There are a number of answers. Some people advocate increased visibility. They say that if you feel that you must test a private method, it's really no great sin to make it protected, public or package private in order to make it testable.
Other people say that you can use special tools to access private methods. In Java, at least, you can quite easily rig something up with reflection to give you any kind of access you'd like.
These are "okay" answers, but really they are missing something. When I write tests and I have the urge to test a private method, I take it as a hint. The hint tells me that my class is encapsulating so much that it has ceased to be "understandable" by tests through its public interface. I listen to the hint, and factor my design differently. Usually, I end up moving the private method (and possibly some methods around it) to a new class where it can be non-private and accessible to tests.
Aiming for testability actually changes your design.
But, is that good?
The answer for me, so far, has been yes. There appears to be a synergy between testability (at the unit level) and good design. If you aim for testability and make some good choices, design gets better. If you aim for good design, your design becomes more testable.
In the end, it all comes down to cohesion and coupling. If classes are deeply coupled with their neighbors, it is hard to control them in a test or observe them independently. If a class isn't cohesive, it may have some logic which is not easily exercisable through its public interface.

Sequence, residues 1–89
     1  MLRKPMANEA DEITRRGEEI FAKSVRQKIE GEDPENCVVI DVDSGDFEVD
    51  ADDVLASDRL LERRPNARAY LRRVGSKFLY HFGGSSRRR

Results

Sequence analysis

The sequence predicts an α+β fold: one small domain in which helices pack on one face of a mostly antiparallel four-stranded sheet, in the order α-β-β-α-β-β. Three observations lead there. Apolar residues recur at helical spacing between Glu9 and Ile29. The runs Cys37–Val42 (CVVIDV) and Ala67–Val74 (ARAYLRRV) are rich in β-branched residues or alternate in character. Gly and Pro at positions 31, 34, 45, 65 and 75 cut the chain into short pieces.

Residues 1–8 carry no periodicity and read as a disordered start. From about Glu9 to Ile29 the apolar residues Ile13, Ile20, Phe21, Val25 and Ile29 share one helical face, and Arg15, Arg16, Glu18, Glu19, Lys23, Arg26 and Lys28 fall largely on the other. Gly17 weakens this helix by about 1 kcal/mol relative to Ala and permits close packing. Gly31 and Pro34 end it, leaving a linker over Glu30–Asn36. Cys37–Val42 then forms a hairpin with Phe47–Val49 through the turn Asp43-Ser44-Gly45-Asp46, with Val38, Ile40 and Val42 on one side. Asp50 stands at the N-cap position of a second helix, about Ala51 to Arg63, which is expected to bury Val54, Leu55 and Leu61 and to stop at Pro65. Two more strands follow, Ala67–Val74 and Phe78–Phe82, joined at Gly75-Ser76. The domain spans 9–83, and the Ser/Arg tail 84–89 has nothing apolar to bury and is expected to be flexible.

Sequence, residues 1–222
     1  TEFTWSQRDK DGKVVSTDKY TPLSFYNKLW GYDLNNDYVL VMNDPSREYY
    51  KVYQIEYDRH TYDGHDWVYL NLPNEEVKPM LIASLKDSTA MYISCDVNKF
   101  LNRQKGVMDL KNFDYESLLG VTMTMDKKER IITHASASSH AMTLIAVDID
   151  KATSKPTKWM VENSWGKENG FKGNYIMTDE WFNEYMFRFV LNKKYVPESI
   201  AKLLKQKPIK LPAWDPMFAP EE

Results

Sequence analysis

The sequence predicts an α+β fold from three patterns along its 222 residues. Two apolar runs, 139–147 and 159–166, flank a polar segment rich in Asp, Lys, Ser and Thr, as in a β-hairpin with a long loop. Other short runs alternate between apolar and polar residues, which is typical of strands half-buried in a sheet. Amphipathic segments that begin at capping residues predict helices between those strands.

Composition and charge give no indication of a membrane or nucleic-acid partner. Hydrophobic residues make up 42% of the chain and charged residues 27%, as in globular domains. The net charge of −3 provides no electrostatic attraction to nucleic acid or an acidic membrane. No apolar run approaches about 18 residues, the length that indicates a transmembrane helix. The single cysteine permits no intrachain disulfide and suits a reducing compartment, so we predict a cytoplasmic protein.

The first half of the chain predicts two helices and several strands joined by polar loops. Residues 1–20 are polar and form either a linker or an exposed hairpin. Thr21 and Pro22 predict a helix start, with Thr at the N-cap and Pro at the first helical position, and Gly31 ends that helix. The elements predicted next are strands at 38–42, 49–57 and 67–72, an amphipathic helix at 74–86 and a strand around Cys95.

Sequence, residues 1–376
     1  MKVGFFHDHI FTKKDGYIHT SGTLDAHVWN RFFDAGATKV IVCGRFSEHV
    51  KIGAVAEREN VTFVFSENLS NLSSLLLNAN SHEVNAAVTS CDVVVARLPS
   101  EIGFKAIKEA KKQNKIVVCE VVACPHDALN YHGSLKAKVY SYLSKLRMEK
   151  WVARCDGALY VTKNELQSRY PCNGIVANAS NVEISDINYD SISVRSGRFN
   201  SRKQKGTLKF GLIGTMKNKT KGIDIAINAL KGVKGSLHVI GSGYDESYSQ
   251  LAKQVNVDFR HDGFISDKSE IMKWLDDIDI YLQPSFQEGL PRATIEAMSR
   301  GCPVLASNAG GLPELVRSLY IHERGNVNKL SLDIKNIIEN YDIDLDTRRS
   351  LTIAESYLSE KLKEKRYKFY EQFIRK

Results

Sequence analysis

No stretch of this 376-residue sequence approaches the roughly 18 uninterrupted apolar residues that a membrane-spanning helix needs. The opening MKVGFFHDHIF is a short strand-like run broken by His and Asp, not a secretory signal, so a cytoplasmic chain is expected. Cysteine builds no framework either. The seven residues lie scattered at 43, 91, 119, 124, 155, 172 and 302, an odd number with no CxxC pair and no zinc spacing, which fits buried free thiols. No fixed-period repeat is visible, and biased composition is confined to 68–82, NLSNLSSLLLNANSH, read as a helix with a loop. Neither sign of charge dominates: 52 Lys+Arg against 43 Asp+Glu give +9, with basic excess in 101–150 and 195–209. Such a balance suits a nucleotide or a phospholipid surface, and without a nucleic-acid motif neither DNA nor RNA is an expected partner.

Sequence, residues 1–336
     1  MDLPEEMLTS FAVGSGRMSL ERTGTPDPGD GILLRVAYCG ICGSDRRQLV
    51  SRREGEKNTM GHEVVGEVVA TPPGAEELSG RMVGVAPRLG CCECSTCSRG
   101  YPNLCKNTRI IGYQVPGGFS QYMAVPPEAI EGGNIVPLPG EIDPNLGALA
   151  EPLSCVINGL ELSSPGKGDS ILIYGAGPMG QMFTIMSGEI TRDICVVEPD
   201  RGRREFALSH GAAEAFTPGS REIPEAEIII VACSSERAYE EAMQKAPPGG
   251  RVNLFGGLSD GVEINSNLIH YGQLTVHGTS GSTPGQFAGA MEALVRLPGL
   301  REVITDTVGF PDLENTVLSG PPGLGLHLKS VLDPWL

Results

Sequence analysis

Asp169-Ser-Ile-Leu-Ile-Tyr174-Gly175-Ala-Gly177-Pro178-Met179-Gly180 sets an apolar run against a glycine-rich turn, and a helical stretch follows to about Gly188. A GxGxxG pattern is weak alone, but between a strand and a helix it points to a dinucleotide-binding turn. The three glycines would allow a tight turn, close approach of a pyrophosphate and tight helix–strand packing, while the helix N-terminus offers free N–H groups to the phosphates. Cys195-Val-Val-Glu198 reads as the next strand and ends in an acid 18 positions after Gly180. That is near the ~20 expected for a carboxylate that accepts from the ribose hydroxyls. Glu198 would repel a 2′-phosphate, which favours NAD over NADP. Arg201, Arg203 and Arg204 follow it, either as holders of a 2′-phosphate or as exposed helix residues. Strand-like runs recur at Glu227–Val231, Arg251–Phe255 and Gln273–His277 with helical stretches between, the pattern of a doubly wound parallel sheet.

It seems that reverse is true also. Classes which are hard to instantiate and use in a test harness are more coupled than they could be, and classes with private methods that you feel the urge to test, invariably have some sort of cohesion problem: they have more than one responsibility.
I suspect that some people reading this might think it is a load of wishful thinking, or that this synergy between testability and good design is just a hypothesis without much to back it. All I can say is that in the community of people doing test-driven development there are a number of people who have found that this question of testing private methods doesn't come up much in their practice. They target both testability and good design and find that both goals nurture each other.
Is the synergy real? I think it is. When a bit of functionality is not easily understood by a test at the public interface, the chances of it being easily understood by a human are ridiculously low. And, if there is any universal baseline for good design it has to be understandability.
So, having said all of this, I end this blog with a challenge: Can anyone come up with an example in which there is a private method that they feel that they have to test.. something that they don't feel comfortable testing through the public interface of the class, but which can't be made testable with a better design?